Here are several dozen of the depressingly high number of bits of British infrastructure named after the royal family

“What d’you reckon? Shall we name it after us?” Image: Getty.

Tomorrow is the royal wedding – so some wag at Great Western Railway has done this to Windsor & Eton Central station:

Which inspired reactions such as this:

I’m with Matt. I’m sure Harry and Meghan are perfectly lovely people, and I wish them every happiness, but the assumption that this entire country is going to start frantically tugging its forelock every time a member of the royal family so much as blinks gets right on my wick.

More than that, there’s a widespread national assumption that naming large bits of the public realm after specific members of a hereditary ruling dynasty is in some way a neutral act. Here is a partial list, garnered from roughly seven minutes on the internet.

  • The Victoria line (known before completion as the Viking line)
  • The Jubilee line (known before completion as the Fleet line)
  • The Elizabeth line (known before completion as Crossrail)

(London, you will note, has not been able to build a new underground railway line without naming it after the royals in nearly a century.)

  • London Victoria station
  • The Queen Elizabeth Bridge, which carries the A332 Windsor by-pass across the Thames in Berkshire
  • The Queen Elizabeth II Bridge, which carries the London orbital motorway across the Thames Estuary between London and Essex
  • The Queen Alexandra Bridge, across the River Wear in Sunderland (this one’s named after the wife of King Edward VII)
  • Princess of Wales Bridge, Stockton-on-Tees
  • King George VI Bridge, Aberdeen
  • King George V Bridge, Lincolnshire
  • King George V dock
  • King George V DLR station, which is named after it
  • The Royal Victoria Dock
  • Royal Victoria DLR station, which is named after it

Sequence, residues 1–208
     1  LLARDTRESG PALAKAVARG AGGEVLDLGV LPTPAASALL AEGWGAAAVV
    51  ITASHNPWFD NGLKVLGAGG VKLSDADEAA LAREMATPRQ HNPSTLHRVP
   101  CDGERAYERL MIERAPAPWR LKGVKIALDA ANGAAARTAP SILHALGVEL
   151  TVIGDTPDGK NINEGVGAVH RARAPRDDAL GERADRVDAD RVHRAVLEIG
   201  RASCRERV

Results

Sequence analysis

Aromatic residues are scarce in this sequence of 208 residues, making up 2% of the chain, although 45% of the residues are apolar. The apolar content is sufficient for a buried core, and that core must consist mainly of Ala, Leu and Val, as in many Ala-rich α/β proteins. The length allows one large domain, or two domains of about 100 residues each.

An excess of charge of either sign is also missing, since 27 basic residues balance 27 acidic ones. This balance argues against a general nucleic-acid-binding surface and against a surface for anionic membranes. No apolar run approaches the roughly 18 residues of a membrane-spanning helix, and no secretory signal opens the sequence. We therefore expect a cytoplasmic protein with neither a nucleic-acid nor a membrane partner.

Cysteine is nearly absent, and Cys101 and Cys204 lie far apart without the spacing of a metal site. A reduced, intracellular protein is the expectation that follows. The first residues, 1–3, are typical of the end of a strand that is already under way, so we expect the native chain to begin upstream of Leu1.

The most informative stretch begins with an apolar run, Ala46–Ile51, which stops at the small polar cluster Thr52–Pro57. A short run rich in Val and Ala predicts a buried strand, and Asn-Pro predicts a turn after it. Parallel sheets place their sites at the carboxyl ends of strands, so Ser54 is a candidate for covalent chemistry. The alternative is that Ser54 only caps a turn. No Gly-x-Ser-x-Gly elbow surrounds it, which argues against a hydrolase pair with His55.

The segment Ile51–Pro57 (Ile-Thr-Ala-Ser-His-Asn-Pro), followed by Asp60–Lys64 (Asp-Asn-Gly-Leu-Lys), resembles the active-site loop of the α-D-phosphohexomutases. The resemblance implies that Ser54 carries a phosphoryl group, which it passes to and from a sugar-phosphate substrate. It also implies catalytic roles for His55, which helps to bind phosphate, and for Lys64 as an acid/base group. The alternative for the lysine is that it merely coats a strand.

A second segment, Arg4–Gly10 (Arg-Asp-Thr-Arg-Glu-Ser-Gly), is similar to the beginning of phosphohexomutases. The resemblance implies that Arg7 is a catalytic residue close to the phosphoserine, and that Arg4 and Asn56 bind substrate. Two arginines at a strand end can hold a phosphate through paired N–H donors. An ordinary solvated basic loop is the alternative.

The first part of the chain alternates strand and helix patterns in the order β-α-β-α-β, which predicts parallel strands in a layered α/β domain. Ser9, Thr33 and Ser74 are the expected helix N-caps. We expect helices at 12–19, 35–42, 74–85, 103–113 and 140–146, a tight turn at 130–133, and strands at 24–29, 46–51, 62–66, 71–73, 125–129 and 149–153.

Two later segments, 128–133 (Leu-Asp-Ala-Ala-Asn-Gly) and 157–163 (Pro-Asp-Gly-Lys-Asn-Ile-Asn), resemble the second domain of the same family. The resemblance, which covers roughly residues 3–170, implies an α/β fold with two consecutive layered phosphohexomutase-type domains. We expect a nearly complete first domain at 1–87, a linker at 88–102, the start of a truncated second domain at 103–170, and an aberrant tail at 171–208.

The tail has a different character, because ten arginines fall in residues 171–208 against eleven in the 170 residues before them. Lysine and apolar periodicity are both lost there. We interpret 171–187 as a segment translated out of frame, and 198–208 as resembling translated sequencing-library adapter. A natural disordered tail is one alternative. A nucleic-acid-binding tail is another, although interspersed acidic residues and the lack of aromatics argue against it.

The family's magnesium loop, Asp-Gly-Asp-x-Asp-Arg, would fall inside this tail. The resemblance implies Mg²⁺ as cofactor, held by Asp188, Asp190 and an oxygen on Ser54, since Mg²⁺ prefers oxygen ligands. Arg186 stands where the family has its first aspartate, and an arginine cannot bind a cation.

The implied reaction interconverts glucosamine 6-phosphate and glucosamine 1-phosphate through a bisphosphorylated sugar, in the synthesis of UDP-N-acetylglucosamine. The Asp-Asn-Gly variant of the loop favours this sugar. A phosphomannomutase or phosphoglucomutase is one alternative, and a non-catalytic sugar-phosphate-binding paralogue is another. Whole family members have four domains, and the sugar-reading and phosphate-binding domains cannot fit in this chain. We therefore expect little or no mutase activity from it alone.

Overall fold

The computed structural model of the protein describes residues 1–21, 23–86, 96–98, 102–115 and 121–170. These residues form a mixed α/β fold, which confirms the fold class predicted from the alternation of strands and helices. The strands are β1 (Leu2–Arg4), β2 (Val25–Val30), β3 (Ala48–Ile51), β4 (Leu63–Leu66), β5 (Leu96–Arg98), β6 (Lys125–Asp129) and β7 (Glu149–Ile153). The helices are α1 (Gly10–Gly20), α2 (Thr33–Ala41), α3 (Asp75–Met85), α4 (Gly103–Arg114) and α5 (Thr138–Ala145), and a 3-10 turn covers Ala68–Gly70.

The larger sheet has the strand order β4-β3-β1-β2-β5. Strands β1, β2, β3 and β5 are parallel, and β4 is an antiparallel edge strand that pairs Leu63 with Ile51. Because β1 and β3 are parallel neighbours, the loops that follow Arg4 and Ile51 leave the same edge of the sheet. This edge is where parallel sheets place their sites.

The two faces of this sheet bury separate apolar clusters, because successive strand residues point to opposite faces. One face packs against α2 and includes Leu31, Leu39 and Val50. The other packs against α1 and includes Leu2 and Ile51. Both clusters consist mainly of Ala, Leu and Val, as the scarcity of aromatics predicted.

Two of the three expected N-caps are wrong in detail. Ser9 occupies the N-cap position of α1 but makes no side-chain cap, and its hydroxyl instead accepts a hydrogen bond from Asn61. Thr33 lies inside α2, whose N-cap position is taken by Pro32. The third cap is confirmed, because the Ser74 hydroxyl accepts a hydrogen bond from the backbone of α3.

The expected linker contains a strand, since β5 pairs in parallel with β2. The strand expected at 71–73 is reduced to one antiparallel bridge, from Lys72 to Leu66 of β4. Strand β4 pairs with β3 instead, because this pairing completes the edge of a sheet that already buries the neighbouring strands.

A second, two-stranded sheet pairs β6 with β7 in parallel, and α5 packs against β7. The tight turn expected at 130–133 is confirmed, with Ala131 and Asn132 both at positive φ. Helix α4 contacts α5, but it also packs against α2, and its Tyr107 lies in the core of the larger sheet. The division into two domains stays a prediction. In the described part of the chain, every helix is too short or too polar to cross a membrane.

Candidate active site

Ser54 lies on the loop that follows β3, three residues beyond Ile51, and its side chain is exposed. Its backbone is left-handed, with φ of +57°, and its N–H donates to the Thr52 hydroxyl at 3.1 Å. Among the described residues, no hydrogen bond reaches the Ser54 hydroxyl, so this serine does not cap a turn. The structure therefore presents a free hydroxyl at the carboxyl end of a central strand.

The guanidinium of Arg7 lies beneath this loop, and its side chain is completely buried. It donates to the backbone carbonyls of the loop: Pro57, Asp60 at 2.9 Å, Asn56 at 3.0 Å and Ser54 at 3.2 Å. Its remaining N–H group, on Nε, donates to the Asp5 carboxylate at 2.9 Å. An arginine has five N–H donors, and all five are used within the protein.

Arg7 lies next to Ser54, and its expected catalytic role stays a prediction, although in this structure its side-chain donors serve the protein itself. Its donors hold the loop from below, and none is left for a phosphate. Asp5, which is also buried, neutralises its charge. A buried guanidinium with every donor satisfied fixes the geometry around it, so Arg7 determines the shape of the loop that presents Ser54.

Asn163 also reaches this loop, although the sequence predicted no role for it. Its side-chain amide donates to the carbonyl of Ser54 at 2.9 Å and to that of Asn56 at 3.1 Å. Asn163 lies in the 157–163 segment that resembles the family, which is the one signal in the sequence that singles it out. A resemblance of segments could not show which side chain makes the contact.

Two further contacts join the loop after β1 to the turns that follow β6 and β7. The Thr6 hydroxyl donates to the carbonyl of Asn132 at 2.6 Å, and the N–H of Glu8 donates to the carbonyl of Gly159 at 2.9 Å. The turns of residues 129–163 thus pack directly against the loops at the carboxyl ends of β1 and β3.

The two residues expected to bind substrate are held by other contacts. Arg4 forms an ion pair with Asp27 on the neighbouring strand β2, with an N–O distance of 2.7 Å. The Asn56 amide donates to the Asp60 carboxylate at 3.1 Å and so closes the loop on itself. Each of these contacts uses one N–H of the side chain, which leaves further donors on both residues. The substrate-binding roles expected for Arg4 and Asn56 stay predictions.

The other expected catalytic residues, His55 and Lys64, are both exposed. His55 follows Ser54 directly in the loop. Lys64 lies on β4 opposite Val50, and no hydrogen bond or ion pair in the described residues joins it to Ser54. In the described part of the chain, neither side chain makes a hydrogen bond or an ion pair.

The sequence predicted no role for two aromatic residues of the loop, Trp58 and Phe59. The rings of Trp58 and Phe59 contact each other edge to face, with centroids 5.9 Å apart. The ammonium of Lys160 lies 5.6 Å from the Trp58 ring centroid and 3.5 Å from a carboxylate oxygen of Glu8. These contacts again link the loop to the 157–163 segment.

• The Royal Albert Dock
  • Royal Albert DLR station, which, oh, you guessed
  • Prince Regent DLR station – that one’s named after Prince Regent Lane, which connects to
  • Victoria Dock Road
  • Victoria Park, London
  • Victoria Park, Aberdeen
  • Victoria Park, Belfast
  • Victoria Park, Bournemouth
  • Victoria Park, Cardiff
  • Victoria Park, Hartlepool
  • At least 15 other Victoria Parks in Britain (I got tired of copying them all out)
  • Just to mix it up a bit, there’s a Royal Victoria Park, in Bath
  • King George Hospital, Ilford
  • Princess Alexandra Hospital, Harlow
  • Princess of Wales Hospital, Ely
  • Princess Royal University Hospital, Farnborough
  • Queen Elizabeth Hospital, King’s Lynn
  • Queen Elizabeth II Hospital, Welwyn Garden City
  • Queen’s Hospital, Romford
  • Another Queen Elizabeth Hospital, Woolwich. That one’s quite near
  • Queen Mary’s Hospital, Sidcup

I’m bored now so I’m going to stop. I don’t know how many schools there are named after dead members of the royal family, but I’m going to go out on a limb and guess “quite a lot”. There are probably a few named after non-dead members of the royal family, too, but I’m guessing.

I assume the reason for all this is that the royal family are seen as neutral national symbols. Only a tiny share of Britons consider themselves republicans, and the career of Donald Trump is a reminder that elected heads of state are not always all they’re cracked up to be. For all its obvious theoretical flaws, in practice constitutional monarchy seems to work, so there really seems little reason to change it.


But the royal family are not neutral: they represent a particular political and social model, a class system based on hereditary privilege.

And even if they were neutral… My god, Britain – do we really have to be quite so crawling about all this? It’s making us look ridiculous.

Jonn Elledge is the editor of CityMetric. He is on Twitter as @jonnelledge and on Facebook as JonnElledgeWrites

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Podcast: Beyond the wall, with John Lanchester

A sea wall in Japan. Image: Getty.

This week it’s another live episode, of sorts. In early April I was lucky enough to chair an event at the Cambridge Literary Festival with the journalist and novelist John Lanchester.

John was mostly there to promote his latest novel, The Wall, a “cli-fi” book about a Britain trundling on after catastrophic climate change has wiped out much of the planet. In the past he’s also written about other vaguely CityMetric-y topics like the housing crisis and the tube - so he’s a guest I’ve been hoping to get on for a while, and was kind enough to allow us to record our chat for posterity and podcasting purposes.

Incidentally, I didn’t find a way of turning the conversation to the tube. We do lose ten minutes to talking about Game of Thrones, though.

The episode itself is below. You can subscribe to the podcast on AcastiTunes, or RSS. Enjoy.

Jonn Elledge is the editor of CityMetric. He is on Twitter as @jonnelledge and on Facebook as JonnElledgeWrites.

Want more of this stuff? Follow CityMetric on Twitter or Facebook.